Yesterday I went from Anglesey to Bodelwyddan Castle in Denbighshire. Nothing unusual there; I often drive by it, promising myself that I will one day stop to have a closer look, but never managing it. So, I made a special trip out there. As I toured around and looked at the story of its various owners I discovered that the connections between Anglesey and Bodelwyddan run through its history.
The original manor house at Bodelwyddan came about because of an eviction. A man with the long genealogical name of Thomas ap Wmffre ap Thomas ap Rhys ap Benet ap Ieuan ap Deikws ap Ieuan Ddu ap Trahaiarn was the owner of Henllys, near Beaumaris. But, Edward IV decided that it was ideal for his Deputy Governor of Beaumaris Castle, so poor Thomas was dispossessed of it. He was given the land at Bodelwyddan instead, where he built a manor house around 1460. He also decided at the time to take the family surname of Humphreys (from his father’s name, Wmffre).
The house and lands remained with the Humphreys family for 230 years until it was purchased by Sir William Williams, who was Speaker in the House of Commons from 1680–1681. Sir William was also an Anglesey boy, son of Hugh Williams, rector of Llantrisant and Llanrhuddlad parish. A fine memorial to Hugh can be found in his old parish church of Llantrisant.
William became a lawyer, after attending Jesus College, Oxford, and Gray’s Inn. He later entered politics, become MP, first for Chester, then Beaumaris. He purchased Bodelwyddan for the use of his son, but it was never the family’s main residence until Sir William’s great-great grandson John was made a baronet in 1798.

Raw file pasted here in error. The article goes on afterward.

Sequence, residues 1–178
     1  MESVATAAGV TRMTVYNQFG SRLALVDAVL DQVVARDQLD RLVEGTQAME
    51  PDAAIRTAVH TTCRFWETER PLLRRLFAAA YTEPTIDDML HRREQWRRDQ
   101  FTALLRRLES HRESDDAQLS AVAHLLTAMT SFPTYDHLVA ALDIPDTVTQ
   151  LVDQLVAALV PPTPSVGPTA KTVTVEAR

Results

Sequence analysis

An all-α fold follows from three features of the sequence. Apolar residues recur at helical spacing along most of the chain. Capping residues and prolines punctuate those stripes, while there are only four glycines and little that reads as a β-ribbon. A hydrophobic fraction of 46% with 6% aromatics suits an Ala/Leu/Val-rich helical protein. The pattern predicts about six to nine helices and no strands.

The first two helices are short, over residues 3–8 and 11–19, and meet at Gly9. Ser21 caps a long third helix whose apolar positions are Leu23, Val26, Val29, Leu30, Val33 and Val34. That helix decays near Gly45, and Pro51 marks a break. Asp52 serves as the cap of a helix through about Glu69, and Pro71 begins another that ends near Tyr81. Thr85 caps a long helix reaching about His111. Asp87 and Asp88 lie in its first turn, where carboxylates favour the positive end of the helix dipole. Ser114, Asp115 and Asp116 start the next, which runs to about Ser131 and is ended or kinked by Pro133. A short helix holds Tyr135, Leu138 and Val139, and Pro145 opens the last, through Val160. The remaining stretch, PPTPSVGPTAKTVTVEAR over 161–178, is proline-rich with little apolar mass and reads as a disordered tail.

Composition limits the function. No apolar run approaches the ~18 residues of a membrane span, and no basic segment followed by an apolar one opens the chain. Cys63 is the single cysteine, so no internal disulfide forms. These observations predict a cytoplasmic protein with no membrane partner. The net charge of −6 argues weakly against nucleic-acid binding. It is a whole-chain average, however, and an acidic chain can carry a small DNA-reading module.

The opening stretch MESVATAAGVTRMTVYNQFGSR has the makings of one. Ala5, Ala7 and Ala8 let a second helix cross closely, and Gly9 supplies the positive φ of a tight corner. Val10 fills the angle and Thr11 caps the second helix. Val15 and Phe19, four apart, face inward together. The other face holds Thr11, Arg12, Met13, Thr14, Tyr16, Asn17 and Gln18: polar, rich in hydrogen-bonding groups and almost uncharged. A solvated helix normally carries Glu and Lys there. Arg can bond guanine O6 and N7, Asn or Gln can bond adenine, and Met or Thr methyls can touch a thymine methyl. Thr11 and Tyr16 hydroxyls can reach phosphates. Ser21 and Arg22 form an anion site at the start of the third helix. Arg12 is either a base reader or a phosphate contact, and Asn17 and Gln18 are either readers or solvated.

He decided that the simple 15th century manor house wasn’t fitting for a man of his stature, and commenced extending and altering the building in the Greek Revival style. His son continued the work, adding Gothic Style towers to give it its current castle-like appearance. Throughout the house the family’s crest of the cross foxes appears in tiles, ceiling bosses and stained glass windows. The same crest can be seen in their ancestor Rev. Hugh’s memorial at Llantrisant Church (see picture above).
Sir John, the 1st Baronet of Bodelwyddan, also has two other Anglesey connections. He married Margaret Williams, the heiress of the Ty Fry estate near Pentraeth. His parents had given him land near Beaumaris, which was passed on to his son, Sir John Hay Williams. As a gift to his wife, Lady Sarah, he began building a fairy-tale style castle overlooking the Menai Strait. This building is now the luxury hotel, Chateau Rhianfa, situated on the Menai Bridge to Beaumaris road.
During the First World War the house was taken over to be a recuperation hospital for wounded soldiers, associated with the nearby Kinmel training camp. After that it was leased to Lowther College girl’s school, until 1982. It was then bought by Clwyd County Council to develop as a visitor attraction, with part of the site converted to a luxury hotel. Until recently it served as home to a large number of paintings from the National Portrait Gallery, but now the walls are full of the Bodelwyddan Castle Trust’s own collections of Welsh art, including an excellent Snowdonia landscape by another Anglesey boy, Kyffin Williams.